Higher grad rate for voucher students

Milwaukee’s voucher schools graduate 77 percent of low-income students, compared with 65 percent for public high schools, concludes an ongoing study. That means voucher students are 18 percent more likely to earn a high school diploma.

More than 21,000 low-income students in Milwaukee use vouchers to attend  110 private schools in the city.

The study compared seven choice schools and 23 public high schools, and was “adjusted to account for an expected 5% ninth-grade retention rate in choice schools and an expected 25% ninth-grade retention rate in MPS,” reports the Journal-Sentinel.

District officials complain that the names of schools in the study, which started in 2003, are confidential, making it impossible to judge comparability.

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Comments

  1. “We still don’t know whether it’s going to the voucher school that causes you to be more likely to graduate, or if it’s something about the kinds of families that send their kids to voucher schools would make them more likely to graduate,” he said.

    Kids and families who actually take advantage of the vouchers are probably more invested in their education, as opposed to those who don’t feel the need to take any action to improve the quality of their student’s education.

    Not to rain on the voucher parade; there certainly are pros and cons to using the system.

  2. One should also note that the study was funded by School Choice Wisconsin, which is an advocacy group. That, too, should prompt some caution. That said, the author’s qualification, quoted in Nick James’s comment above, suggests that he isn’t merely a blind booster.

  3. Independent George says:

    I can think of an easy way to make the graduation rate 100%: just hand out a diploma on a kid’s 18th birthday.

    The question is whether they actually earned it or not. I support school choice, but raw graduation rates tell us nothing.

  4. So we’ve got one vote for that long-time favorite, cherry-picking. One equivocal vote for biased study and one vote for lower standards.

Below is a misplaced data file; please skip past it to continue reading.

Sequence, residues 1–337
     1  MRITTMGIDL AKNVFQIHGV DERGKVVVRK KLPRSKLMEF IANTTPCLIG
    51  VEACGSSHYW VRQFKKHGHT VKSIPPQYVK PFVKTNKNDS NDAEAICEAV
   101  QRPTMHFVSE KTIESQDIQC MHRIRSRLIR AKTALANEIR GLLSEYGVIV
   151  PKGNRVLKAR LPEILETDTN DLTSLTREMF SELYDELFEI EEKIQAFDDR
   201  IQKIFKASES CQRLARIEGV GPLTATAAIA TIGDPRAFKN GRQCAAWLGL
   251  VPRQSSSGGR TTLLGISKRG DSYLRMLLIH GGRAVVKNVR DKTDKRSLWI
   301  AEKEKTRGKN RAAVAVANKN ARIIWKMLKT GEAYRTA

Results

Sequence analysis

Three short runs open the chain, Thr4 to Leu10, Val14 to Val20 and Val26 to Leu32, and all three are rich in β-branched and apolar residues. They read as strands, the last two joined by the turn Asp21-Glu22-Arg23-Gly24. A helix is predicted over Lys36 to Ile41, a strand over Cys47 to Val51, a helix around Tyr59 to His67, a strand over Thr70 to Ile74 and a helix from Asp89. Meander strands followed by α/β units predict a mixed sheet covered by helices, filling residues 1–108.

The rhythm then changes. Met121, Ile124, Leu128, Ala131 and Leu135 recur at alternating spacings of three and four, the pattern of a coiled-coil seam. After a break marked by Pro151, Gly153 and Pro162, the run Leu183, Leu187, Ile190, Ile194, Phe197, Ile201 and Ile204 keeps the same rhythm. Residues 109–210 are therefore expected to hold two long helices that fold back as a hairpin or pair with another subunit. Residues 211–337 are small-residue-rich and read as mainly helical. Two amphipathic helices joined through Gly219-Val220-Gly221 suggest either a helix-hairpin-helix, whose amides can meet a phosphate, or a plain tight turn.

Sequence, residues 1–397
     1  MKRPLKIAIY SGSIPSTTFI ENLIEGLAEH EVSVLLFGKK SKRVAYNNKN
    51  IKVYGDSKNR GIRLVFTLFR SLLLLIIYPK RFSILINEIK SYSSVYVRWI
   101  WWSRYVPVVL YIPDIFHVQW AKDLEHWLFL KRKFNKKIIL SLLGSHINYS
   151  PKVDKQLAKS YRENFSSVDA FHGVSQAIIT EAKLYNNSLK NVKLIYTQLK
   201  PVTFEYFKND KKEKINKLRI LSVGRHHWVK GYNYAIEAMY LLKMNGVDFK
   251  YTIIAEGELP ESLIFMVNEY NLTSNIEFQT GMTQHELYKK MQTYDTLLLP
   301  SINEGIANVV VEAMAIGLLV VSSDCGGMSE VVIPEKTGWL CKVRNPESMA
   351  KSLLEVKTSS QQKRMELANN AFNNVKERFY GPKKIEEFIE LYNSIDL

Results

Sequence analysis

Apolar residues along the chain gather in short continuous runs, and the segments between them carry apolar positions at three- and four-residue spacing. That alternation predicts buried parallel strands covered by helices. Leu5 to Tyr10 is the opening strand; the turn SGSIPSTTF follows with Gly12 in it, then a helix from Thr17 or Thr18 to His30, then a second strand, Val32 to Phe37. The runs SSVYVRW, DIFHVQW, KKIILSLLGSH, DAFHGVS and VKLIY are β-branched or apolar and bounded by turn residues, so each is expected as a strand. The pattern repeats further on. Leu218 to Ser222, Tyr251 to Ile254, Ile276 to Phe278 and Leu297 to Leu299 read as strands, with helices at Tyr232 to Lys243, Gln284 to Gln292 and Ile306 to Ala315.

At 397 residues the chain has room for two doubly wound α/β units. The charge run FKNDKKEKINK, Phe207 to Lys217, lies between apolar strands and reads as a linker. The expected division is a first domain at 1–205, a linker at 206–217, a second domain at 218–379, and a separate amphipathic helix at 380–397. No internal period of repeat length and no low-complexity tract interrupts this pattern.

In order:

    Larger school districts have their own way of dealing with especially-motivated parents and kids. They’re called magnet schools. Why aren’t these kids graduating from magnet schools? Because they don’t meet the entrance requirements magnet schools set and they’re not doing well in plain, vanilla district schools. If they were doing well what conceivable reason could parents have for jumping through the hoops set by voucher programs.

    Claiming that the families are the determinative factor in whether a kid graduates or drops out is so obviously self-serving as to warrant a horse-laugh. If the school is largely immaterial then why do some schools have a lower drop-out rate then others? Those schools just lucky enough, year after year, to get an unusually high percentage of motivated parents? Please.

    Suggesting that the results are due to a lowering of standards would set a record for irony if anyone kept track of that sort of thing. Entire states are busy fairly obviously lowering their standards in a bid to keep federal money flowing so if that’s what some voucher-accepting schools are doing they’ve got lots of company.

    Let’s try another possibility.

    The private schools don’t enjoy the luxury of being dismissive of parental concerns so they try harder then district schools to deal with those concerns. By trying harder to deal with parental concerns those schools are more likely to succeed. The result? Higher graduation rates.

  5. This a rather one-sided, incomplete post, Joanne.

    The study offers no evidence of any causation. A quite plausible explanation — assuming the results would stand up when a different set of voucher and public schools were compared — is that the children of parents, who are more engaged in their academic lives and who are more likely to take advantage of an opportunity to choose schools, are more likely to graduate high school. This wouldn’t be a school effect — but evidence of selection bias.

    Here are my thoughts — http://eduoptimists.blogspot.com/2010/02/spin-cycle.html — including the key quote from the AUTHOR of the study — not the press release from School Choice Wisconsin:

    “We still don’t know whether it’s going to the voucher school that causes you to be more likely to graduate, or if it’s something about the kinds of families that send their kids to voucher schools would make them more likely to graduate,” he said.

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